Ed Pentz – 2016 October 31
The scholarly communications sector has built and adopted a series of open identifier and metadata infrastructure systems to great success. Content identifiers (through Crossref and DataCite) and contributor identifiers (through ORCID) have become foundational infrastructure to the industry.
But there still seems to be one piece of the infrastructure that is missing. There is as yet no open, stakeholder-governed infrastructure for organization identifiers and associated metadata.
In order to understand this gap, Crossref, DataCite and ORCID have been collaborating to:
The result of this work is in three related papers being released by Crossref, DataCite and ORCID for community review and feedback. The three papers are:
We invite the community to comment on these papers both via email (email@example.com) and at PIDapalooza on November 9th and 10th and at Crossref LIVE16 on November 1st and 2nd. To move The OI Project forward, we will be forming a Community Working Group with the goal of holding an initial meeting before the end of 2016. The Working Group’s main charge is to develop a plan to launch and sustain an open, independent, non-profit organization identifier registry to facilitate the disambiguation of researcher affiliations.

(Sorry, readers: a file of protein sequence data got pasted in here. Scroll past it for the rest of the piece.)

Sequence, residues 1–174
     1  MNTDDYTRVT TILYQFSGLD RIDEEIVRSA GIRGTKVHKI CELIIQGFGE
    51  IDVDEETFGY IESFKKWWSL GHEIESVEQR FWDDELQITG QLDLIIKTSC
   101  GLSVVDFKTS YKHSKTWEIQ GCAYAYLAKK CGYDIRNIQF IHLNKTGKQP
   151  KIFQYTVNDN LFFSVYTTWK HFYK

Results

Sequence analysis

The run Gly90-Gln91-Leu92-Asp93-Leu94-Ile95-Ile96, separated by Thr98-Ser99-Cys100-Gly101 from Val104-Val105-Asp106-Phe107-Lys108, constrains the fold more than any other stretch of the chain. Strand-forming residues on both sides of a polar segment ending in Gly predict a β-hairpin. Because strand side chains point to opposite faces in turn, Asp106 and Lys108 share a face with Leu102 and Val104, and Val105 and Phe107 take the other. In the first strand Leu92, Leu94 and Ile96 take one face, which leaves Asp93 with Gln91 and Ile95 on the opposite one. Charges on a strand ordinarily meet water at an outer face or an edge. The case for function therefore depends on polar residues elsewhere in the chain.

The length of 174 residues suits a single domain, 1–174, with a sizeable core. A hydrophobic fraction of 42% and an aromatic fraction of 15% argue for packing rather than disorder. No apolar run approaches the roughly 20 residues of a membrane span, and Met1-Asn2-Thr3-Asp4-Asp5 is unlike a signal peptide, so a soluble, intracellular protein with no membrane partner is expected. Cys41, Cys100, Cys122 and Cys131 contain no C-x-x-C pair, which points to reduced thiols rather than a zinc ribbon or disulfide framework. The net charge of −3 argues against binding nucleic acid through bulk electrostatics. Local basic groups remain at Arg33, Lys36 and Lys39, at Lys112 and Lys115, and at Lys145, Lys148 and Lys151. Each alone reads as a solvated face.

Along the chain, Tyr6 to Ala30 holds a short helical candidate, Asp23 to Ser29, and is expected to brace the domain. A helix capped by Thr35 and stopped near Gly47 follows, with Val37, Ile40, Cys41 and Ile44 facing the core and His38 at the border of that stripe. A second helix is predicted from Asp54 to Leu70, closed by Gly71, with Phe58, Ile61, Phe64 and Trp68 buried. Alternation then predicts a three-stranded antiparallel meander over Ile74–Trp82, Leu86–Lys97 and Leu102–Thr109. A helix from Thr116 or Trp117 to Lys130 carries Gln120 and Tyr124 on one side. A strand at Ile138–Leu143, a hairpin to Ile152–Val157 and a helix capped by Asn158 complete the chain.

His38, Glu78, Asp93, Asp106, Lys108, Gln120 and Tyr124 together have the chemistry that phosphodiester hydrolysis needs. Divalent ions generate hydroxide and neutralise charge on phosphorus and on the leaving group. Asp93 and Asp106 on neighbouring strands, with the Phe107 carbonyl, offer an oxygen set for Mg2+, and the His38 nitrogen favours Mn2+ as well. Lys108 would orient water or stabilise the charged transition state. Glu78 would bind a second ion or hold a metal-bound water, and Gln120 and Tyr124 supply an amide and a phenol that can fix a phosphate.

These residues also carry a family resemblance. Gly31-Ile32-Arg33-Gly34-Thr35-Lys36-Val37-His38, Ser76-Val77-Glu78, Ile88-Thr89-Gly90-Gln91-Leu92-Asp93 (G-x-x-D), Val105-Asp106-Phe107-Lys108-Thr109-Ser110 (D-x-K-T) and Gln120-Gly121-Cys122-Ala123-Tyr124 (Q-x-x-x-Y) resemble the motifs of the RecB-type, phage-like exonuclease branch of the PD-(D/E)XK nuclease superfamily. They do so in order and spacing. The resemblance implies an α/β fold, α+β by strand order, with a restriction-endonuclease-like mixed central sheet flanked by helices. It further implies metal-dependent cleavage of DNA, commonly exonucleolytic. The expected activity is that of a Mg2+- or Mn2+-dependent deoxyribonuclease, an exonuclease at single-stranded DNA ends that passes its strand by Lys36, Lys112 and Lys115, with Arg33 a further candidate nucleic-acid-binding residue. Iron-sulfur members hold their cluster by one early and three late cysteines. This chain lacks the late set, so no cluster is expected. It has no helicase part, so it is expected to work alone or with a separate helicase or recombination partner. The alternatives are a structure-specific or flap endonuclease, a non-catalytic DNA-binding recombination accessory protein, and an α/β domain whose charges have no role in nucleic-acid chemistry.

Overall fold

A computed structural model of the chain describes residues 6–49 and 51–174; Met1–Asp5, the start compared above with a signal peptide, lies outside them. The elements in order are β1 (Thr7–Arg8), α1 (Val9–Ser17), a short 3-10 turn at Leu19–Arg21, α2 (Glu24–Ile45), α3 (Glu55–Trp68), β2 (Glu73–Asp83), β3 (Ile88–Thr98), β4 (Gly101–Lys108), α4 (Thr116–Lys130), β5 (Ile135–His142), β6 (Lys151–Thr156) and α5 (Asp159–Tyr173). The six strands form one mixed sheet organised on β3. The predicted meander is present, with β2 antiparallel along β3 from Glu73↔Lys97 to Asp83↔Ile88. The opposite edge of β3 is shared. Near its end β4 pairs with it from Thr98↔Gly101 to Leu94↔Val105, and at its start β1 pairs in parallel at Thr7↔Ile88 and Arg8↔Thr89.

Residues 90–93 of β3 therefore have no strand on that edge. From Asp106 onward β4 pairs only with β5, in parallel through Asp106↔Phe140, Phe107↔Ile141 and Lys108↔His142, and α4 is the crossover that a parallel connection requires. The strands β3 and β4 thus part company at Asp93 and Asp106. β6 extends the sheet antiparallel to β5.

Crossref has also been discussing the needs of its members over the last year and there is value in focusing on the affiliation name ambiguity problem with research outputs and contributors. In terms of the metadata that Crossref collects, something that is missing has been affiliations for the authors of publications. Over the last couple of years, Crossref has been expanding what it collects - for example, funding and licensing data and ORCID iDs - and this enables a fuller picture of what we are calling the “article nexus”. In order to continue to fill out the metadata we collect - and for our members to use in their own systems and publications - we need an organization identifier.
Another use case for Crossref is identifying funders as part of collecting funder data to enable connecting funding sources with the published scholarly literature. In order to enable the reliable identification of funders in the Crossref system we created the Open Funder Registry that now has over 13,000 funders available as Open Data under a CC0 waiver. While this has been very successful, it is a very narrowly focused registry and is not suitable for a broad, community-run organization identifier registry that addresses the affiliation use case. In future, our goal will be to merge the Open Funder Registry into the identifier registry that the Organization Identifier Working Group will work on.
By working collaboratively we can define a pragmatic and cost-effective service that will meet a fundamental need of all scholarly communication stakeholders.
Geoffrey Bilder will be focusing his talk at Crossref LIVE16 this week on this initiative, dubbed The OI Project. The talk is scheduled for 2pm UK time and will be live streamed along with the rest of that day’s program.
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